The Netherlands has long had a reputation for having a strong two-pillar retirement system that provides retirees with an income replacement rate of at least 80 per cent from the country’s national and occupational pension schemes.
And until relatively recently, Dutch workers were equally as confident about their occupational plans as they were about the national pension system. Workplace pensions traditionally provided retirees with indexed payments, and the system was running smoothly until the information technology bubble popped and the market crashed in 2000, says Gerard Riemen, managing director of the Federation of the Dutch Pension Funds.
“You could say the dot-com crisis was kind of a wake-up call because it pointed out . . . the vulnerabilities of our pension system,” says Riemen, noting some pension funds had to skip a year or two of indexation to recover from the initial shock.
Most pension funds recovered a few years later. In the meantime, the system underwent legislative changes to base benefits on retirees’ average salaries during their career instead of final earnings, says Riemen. The changes also meant indexation became conditional. “Almost everyone joined the pension schemes, so we thought it was fine, no troubles at all at the horizon and everybody was fine,” says Riemen.
The effect of the financial crisis on pension plans
But then the 2008 financial crisis hit and the country’s occupational pension funds once again found themselves in trouble, Riemen notes.
“After that, the first thing that happened, of course, was our funding ratios went down and we had to skip indexations.”
The market certainly had a significant impact on pension plans’ assets, says Riemen. But over time, it became clear the fundamental problem was actually in the plans’ liabilities, which had a greater impact on funding ratios due to very low interest rates and longevity issues.
While those factors have burdened pension plans around the world, the repercussions weighed more heavily in the Netherlands because of how plans determined their valuation rates, says Barbara Sanders, an associate professor of statistics and actuarial science at Simon Fraser University in Vancouver.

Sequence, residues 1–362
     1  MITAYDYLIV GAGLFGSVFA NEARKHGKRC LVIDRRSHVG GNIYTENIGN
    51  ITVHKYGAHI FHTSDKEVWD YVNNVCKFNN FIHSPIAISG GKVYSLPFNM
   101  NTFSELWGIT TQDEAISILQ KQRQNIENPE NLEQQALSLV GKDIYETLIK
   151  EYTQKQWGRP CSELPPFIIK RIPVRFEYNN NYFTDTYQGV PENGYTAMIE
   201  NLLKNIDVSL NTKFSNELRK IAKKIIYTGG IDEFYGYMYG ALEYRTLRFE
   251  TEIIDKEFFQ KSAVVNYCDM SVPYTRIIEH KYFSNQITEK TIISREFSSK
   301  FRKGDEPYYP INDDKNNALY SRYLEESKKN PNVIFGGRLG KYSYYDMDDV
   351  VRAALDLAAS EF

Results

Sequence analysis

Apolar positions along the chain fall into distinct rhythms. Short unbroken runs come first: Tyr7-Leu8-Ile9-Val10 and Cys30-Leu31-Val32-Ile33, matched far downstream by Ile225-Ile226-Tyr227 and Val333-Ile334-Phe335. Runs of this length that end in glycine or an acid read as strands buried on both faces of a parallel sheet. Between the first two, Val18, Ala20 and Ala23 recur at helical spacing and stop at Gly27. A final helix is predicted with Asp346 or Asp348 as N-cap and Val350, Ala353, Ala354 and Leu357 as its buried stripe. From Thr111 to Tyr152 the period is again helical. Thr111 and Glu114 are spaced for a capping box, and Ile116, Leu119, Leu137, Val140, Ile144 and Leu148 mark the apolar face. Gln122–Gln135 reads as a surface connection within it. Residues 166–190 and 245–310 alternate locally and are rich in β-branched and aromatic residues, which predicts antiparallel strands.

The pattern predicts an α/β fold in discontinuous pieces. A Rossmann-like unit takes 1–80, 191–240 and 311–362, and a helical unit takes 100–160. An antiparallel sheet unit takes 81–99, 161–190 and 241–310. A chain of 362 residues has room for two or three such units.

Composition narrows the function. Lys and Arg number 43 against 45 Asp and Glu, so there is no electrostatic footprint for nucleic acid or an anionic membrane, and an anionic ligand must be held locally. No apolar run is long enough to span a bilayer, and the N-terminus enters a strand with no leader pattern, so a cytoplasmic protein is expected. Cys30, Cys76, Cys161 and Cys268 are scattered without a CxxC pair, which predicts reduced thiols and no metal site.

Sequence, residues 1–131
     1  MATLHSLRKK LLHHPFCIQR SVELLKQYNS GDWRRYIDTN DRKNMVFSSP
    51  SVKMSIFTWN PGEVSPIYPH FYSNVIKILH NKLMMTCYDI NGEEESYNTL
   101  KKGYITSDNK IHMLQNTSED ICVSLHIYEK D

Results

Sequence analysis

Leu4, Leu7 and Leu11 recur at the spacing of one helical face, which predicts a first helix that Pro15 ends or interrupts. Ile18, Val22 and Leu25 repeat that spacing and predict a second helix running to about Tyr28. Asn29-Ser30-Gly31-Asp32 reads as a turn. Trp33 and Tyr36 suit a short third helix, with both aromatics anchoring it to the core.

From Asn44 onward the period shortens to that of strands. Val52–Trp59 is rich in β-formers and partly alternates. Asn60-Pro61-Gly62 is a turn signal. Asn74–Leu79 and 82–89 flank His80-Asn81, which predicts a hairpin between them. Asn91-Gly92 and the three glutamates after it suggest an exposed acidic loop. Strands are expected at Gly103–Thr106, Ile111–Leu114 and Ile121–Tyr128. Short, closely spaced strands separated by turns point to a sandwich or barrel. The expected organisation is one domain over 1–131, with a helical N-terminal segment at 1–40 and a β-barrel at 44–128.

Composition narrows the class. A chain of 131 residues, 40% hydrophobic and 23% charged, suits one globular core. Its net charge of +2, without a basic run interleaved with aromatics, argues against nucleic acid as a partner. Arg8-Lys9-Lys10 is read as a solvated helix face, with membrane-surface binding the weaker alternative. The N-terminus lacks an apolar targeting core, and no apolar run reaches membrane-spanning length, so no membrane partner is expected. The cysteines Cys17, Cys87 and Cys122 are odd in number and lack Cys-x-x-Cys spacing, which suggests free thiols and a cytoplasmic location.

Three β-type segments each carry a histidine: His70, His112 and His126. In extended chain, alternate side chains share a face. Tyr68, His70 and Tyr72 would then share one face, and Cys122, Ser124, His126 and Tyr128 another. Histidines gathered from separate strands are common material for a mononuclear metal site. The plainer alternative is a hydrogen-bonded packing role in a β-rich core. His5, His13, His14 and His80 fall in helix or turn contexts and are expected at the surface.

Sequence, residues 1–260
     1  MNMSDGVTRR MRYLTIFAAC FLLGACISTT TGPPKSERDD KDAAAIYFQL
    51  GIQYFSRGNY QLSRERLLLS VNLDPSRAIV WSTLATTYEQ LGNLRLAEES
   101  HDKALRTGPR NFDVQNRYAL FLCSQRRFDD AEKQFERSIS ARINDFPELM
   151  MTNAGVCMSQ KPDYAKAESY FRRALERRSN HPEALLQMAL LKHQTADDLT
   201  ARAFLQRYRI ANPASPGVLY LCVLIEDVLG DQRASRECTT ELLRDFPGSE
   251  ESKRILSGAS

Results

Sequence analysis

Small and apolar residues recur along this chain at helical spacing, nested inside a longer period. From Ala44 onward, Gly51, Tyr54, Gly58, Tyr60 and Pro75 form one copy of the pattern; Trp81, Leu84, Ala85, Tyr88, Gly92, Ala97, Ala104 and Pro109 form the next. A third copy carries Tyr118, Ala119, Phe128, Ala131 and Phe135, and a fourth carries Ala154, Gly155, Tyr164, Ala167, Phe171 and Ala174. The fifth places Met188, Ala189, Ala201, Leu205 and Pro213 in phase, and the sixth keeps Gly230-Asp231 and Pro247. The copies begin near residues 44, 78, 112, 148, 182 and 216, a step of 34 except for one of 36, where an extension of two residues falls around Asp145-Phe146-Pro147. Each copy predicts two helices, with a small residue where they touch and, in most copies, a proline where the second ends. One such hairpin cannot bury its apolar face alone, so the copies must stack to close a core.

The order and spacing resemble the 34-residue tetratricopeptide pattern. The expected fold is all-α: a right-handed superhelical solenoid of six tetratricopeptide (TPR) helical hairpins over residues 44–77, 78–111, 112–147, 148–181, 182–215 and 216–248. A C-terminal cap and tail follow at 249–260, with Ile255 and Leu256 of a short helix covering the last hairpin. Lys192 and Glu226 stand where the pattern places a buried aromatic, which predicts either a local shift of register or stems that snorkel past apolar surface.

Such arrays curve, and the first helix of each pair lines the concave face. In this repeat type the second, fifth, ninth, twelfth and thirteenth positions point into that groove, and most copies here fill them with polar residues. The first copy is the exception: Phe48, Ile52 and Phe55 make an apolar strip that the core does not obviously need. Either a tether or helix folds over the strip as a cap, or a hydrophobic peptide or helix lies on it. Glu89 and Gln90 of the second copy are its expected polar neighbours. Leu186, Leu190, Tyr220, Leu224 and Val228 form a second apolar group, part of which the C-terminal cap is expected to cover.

“In Canada, many of our plans are using what’s called a best-estimate valuation rate, so a valuation rate that is based on what you think the assets will earn, and that takes into account that if you’re invested in stocks, which you’re expecting to earn more from, then your pension fund can use a higher valuation rate that creates a lower liability,” says Sanders.
But in the Netherlands, pension plans have to adhere to a stricter framework, she adds. “They only use bond yields in figuring out what the valuation rates should be, so their rates are low compared to ours, so their liabilities are high compared to ours.”
Many plans have failed to meet the country’s strict solvency rules, says Riemen, noting the Netherlands’ pension legislation requires funding ratios of 125 to 130 per cent. “So the result was that funding ratios declined very quickly and for some pension funds in 2014, they even had to cut the benefits,” he says.
Despite a common belief in the pension guarantee, legislation actually allows the collective defined contribution plans that many workers are part of to cut benefits. According to Riemen, some plans were decreasing payments by as much as seven per cent.
While the measure wasn’t widespread, it was detrimental to the country’s pension system, says Keith Ambachtsheer, director emeritus of the Rotman International Centre for Pension Management in Toronto. “Cutting pensions ruins the trust of the population in the pension system, and that’s what happened in the Netherlands: actual physical cuts where you tell pensioners we’re going to pay you less this year than we did last year, literally.”